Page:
“Now, these skates had over the years acquired marvelous powers. Your father dreamed about them, Dewey. And when he put them on he dreamed that he could turn great circles in the ice at amazing speed. Therefore, they allowed him to investigate the darkness and light across the universe. But though he turned these great circles in the universe beyond the stars, he always returned to the barn in which was the ice.
  “This is how your father told me the story. He raced effortlessly. Sometimes in the wind he could hear the cheering and applause of me and his other friends. He wasn’t alone? No! Even you, Dewey, his son of the future was with him as he skated supernaturally fast around the big pond of the world. But he always came back to his pond in Pewter, USA. The door of the barn was a big, gray maw. And through the door into the ice like iron filings to a magnet flew his boyish, bleak thoughts. And the ice saved them frozen still, and he skated on in all innocence, new and fresh. Everything had been saved and nothing would be lost. In the centuries to come, even when the souls of the dead would come to light, even past doom, nothing would be lost.
  “But your father told me more on that cloud tormented ledge that night. And this is the part that may help to explain to you what is puzzling you.
  “In summer, when there was no skating, as if by magic, observing some mysterious inclination of the universe, he’d drift toward Ray Moulton’s barn where the ice was. He said that he could not help himself. By now after these great circles through the universe, they were memories long gone. But when they’d see him coming, they’d wake up! Bold as a flight of sparrows, they’d fly out from the ice where they had been kept still and they’d fly out of the knotholes and they’d flutter around his head to greet him. He hadn’t lost a single one! True and whole they came out, circling him in a joyous dance of recognition.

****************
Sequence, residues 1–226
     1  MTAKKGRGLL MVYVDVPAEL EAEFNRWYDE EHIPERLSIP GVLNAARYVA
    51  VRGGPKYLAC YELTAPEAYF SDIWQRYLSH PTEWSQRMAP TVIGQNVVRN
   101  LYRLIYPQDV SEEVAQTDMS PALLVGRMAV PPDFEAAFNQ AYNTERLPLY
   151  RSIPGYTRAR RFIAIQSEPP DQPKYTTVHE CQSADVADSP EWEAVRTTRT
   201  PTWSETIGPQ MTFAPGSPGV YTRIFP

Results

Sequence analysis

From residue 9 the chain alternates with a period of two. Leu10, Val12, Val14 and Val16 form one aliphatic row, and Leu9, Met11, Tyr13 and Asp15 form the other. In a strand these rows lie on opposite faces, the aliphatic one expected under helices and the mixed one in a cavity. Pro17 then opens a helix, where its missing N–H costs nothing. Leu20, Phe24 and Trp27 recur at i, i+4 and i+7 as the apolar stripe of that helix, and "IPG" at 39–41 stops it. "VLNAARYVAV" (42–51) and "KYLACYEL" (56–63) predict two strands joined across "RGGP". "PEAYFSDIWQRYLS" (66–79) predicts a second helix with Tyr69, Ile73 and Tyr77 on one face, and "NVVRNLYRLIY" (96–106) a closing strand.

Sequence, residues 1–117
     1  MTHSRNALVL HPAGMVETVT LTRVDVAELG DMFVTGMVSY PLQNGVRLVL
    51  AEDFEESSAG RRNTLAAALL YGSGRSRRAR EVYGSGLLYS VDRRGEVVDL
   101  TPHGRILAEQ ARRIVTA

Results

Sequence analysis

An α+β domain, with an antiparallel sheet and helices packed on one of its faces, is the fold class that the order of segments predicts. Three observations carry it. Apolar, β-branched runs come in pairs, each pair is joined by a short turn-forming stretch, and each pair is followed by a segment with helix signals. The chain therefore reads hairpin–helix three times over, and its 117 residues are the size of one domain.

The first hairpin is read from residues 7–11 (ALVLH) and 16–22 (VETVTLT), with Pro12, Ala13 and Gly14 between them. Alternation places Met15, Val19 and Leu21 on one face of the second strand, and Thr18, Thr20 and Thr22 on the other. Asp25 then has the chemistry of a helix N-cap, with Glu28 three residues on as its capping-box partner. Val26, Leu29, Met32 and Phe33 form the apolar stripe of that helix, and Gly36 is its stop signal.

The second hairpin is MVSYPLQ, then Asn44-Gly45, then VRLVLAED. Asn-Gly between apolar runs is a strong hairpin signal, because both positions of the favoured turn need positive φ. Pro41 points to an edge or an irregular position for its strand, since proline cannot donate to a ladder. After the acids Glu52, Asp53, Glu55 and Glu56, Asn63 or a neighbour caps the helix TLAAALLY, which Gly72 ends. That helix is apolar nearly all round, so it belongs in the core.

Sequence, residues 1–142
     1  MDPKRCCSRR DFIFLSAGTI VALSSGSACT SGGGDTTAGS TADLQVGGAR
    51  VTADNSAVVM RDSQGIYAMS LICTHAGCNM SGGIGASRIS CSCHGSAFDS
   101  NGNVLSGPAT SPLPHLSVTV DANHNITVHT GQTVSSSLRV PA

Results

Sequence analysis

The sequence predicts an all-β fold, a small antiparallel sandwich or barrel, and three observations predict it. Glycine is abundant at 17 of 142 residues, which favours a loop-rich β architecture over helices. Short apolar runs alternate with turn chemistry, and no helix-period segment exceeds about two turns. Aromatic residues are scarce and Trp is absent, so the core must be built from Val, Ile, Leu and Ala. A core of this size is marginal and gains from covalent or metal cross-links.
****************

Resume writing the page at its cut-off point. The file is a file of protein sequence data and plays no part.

“He marveled how they had protected him over the years. Even now on the storm chaffed ledge they were protecting him. They were at once alive and active, and yet still and quiet like history.
  “They took a moment but they perched on his shoulder, whispering truths in his ear.
  “So that was the story your father told me that night. There was nothing confusing or obscure. He recognized everything clearly. In the ice was more like a web than a plot, and in the ice he’d live forever.
  “You see, Dewey, nothing is wasted. That is the story of your father, the dreamer. You will see one day. Nothing is wasted! Nothing so paltry that it is wasted by forgetting.
  “And then at the height of the storm that night, into the song of the wind your father shouted, ‘Oh look! There is the big horse now. He has returned after many a year. What a dilemma he lived! Who ever heard of such a thing, winning to lose? He’s the big roan with patches of pure white on his flanks. I see him as clearly now as I did that day many years ago. See him romping in the pasture? How handsome he is!’
  “This Dwight, while we were inches from death, it was your father’s dreams that kept us alive.”
  Dewey studied me. Perhaps he thought that I could not understand. Perhaps he thought I was daft, though a family friend of long standing. I knew that Dewey worried about many things. He had become a carpenter and he was ambitious for his work. I also knew that he hated being poor.
  Then Paul Paris his father walked out the door of the house and crossed the porch in front of us. He seemed not even to notice we were there. He walked down the driveway to his garden and he bowed down to his plants and tended them with a distant look in his eyes.
  Dewey, observing the instinct of a good son, stood and went out to the garden to help him.
 “Hi, Papa,” he said.
  And Paul Paris looked up from his tomato plants, and he said, “Remember I was thinking about the Angels’ wings. Remember, Dew, not so long ago, while you were helping me with the roofing on the barn. I could not figure out what those wings could be made of so they would be able to protect us the way they do. Well, I think I have figured it out. It is a great relief to me.”
  “Yes, Papa.”